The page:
But things got tricky when the Molenaars decided, without any prior experience, to design and build the cabin themselves. They studied back issues of old magazines, and found that they were drawn to Frank Lloyd Wright’s flat-roof Usonian homes of the 1930s and ’40s. Built symbiotically with nature, Wright’s affordable Usonians featured open plans that incorporated natural materials and lighting. Inspired by their discovery, the Molenaars started designing.

Dan, who once worked as a carpenter at a nuclear power plant, rounded out his skills by taking courses in renewable energy and architectural drafting. He completed the conceptual and technical drawings for the cabin, then enlisted the help of structural engineer David Bowick. “Modernism can be a real fetish. And it can be extremely complex or it can be simple,” says Bowick. “Dan made it simple.”

Dan and Diane knew they wanted their cabin to have large windows, and one day, by chance, they heard a radio interview with a recycler who was in the process of reclaiming 4,000 windows from two Toronto office towers. Within hours, the Molenaars had ordered 40 of the highly reflective bronze pieces, each weighing 90 pounds and measuring five by six feet. As Dan notes, “The thought of taking glass that office workers had viewed the city through and setting it down where it could afford views of unspoiled nature was irresistible.”

In addition to providing natural lighting, the reflective windows have other benefits. Deer walk right by the cabin, unaware that they’re providing a free wildlife show for the Molenaars and their Jack Russell terrier, Nigel. After the sun sets, and the interior can be seen from outside, the owners light candles which make the cottage glow like a huge lantern.

Designed without any finicky finishes or stains that require periodic touch-ups, the exterior of the 15-by-60-foot cabin is clad in dark bronze-colored aluminum composite paneling to complement the bark of the surrounding trees. The flat roof is supported by Douglas fir columns attached to Douglas fir beams, and covered with a rubber membrane expected to last up to 40 years.

“In many cabins, there’s too much structure and citified comforts. We provided ourselves with the comforts we need, not the comforts most people think we needed,” says Dan. As a result, Barerock has a simple floor plan, devoid of molding, trim, or doors. At one end of the cabin are the bedroom, pantry, and enclosed bathroom with sink and shower; at the other end is the living room. (A glass-roofed outhouse is 60 feet away.) In between is a kitchen island, dining table, and benches, all made onsite from African padauk, a decay-resistant hardwood.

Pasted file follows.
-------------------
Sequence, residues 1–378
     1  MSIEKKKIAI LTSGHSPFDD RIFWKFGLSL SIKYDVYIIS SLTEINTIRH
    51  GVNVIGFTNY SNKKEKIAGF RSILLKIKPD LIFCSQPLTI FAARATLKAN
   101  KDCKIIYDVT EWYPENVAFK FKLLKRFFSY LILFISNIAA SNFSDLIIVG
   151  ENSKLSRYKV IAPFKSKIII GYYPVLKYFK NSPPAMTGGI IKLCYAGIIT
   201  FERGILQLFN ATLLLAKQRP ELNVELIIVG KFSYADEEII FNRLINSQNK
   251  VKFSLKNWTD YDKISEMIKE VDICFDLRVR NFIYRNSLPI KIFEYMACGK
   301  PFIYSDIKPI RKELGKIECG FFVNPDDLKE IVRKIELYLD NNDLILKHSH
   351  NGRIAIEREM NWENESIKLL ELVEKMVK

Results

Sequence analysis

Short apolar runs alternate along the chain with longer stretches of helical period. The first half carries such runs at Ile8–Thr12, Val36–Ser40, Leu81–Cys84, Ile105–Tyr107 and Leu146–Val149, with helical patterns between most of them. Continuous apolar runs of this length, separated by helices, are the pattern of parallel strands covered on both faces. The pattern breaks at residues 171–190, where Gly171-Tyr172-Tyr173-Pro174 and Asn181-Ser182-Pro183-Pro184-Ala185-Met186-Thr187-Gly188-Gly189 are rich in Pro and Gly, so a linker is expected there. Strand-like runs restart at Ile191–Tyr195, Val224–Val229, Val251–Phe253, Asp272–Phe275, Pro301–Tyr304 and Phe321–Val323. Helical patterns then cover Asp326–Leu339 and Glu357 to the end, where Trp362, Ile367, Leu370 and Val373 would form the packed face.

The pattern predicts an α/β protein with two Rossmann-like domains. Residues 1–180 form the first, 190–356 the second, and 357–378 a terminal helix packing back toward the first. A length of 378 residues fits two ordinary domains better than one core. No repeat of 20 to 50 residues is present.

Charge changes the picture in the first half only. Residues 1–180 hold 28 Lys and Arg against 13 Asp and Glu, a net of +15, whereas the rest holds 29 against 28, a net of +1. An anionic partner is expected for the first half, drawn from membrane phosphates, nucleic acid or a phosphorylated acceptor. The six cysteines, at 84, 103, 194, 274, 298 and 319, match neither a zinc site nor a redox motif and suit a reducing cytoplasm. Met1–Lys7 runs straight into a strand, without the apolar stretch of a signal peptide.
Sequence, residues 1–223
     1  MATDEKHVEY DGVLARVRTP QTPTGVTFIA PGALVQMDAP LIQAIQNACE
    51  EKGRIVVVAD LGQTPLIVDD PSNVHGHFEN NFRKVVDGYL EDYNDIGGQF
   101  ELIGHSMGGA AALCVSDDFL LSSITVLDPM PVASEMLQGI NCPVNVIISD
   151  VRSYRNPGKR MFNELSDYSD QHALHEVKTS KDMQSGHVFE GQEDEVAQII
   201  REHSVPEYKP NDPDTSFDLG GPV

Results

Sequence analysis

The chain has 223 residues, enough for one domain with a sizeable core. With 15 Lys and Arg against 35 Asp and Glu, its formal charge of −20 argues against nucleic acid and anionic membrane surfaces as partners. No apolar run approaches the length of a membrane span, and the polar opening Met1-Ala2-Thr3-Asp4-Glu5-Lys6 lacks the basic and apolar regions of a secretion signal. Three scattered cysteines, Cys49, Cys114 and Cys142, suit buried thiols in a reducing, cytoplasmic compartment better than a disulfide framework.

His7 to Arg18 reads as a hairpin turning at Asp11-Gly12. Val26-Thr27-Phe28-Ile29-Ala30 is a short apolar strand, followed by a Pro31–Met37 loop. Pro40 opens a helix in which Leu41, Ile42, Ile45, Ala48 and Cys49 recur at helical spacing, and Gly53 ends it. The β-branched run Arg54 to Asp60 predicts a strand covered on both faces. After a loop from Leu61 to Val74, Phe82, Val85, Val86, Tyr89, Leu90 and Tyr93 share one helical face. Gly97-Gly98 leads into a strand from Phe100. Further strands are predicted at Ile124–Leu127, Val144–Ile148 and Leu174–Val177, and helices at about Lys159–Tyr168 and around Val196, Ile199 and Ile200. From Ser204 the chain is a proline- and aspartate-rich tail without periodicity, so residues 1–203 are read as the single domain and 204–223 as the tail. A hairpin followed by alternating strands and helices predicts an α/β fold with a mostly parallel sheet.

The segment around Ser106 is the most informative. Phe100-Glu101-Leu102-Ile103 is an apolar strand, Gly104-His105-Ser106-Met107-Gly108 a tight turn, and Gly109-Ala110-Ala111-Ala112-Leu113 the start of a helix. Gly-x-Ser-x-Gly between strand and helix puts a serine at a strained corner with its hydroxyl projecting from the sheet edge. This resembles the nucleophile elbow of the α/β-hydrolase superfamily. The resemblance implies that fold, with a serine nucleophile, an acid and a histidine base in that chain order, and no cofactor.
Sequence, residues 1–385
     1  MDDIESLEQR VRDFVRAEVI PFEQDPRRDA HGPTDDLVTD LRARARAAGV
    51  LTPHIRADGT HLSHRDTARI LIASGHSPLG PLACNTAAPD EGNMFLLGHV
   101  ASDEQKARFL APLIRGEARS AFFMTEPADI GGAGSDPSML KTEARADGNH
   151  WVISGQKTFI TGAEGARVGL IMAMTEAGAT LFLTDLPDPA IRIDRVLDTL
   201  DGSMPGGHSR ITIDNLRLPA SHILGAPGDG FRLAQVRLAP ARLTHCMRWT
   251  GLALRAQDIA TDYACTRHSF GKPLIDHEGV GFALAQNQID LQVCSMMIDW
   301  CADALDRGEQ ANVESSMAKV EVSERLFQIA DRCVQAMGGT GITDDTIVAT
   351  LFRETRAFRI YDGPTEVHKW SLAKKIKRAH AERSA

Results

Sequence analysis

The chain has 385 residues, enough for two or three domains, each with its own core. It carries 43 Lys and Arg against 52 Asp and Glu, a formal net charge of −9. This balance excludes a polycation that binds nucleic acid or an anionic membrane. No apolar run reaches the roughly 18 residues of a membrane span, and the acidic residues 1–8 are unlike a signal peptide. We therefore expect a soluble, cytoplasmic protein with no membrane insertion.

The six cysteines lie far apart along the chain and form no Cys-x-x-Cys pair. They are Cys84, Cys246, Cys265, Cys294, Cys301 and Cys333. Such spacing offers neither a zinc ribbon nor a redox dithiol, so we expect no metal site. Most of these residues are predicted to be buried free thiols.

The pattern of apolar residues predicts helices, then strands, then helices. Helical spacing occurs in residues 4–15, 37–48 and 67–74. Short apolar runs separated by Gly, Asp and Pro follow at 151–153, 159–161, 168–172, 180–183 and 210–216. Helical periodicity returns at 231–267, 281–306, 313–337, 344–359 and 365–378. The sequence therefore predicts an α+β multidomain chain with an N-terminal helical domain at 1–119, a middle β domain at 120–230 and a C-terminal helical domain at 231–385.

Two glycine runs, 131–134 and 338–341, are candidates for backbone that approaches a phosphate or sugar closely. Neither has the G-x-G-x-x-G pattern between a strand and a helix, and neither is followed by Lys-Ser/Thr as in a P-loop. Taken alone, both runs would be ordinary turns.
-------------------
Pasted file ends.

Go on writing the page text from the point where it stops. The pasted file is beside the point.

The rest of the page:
Woodstoves, outfitted with self-powered Ecofans, heat the cabin. Water for showering and washing is drawn from the lake to a 65-gallon pressurized tank using a pump that doesn’t require constant power to operate. The cabin’s low-impact mandate extends to its rechargeable Bose stereo, and on-demand propane water heater and refrigerator. Even the urbane 19,000 BTU commercial-grade Wolf stove has been converted from natural gas to propane—an indulgent concession. Wiring was installed in Barerock in case electricity is used in the future; it currently isn’t.

The cabin, which took two years to build, and cost less than $165,000, has opened up new opportunities for the enterprising couple. In 2004, the Molenaars started Mafco House, a design and project-management company, to help others build their own low-impact contemporary cottages.

Business concerns, however, take a backseat to hiking and relaxing at the property. Although Barerock is just a few hours and a boat ride from the heart of downtown Toronto, its privacy and peacefulness are an entire mind-set away. “It makes you appreciate life a little differently,” says Diane. “You notice a lot more waste when you’re back in a big city.”